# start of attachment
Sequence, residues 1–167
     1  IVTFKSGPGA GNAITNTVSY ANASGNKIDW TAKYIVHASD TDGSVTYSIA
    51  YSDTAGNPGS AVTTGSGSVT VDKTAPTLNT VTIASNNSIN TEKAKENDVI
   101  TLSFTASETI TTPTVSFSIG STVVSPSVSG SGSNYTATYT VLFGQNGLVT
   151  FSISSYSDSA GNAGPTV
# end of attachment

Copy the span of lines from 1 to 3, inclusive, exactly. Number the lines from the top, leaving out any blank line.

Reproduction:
Sequence, residues 1–167
     1  IVTFKSGPGA GNAITNTVSY ANASGNKIDW TAKYIVHASD TDGSVTYSIA
    51  YSDTAGNPGS AVTTGSGSVT VDKTAPTLNT VTIASNNSIN TEKAKENDVI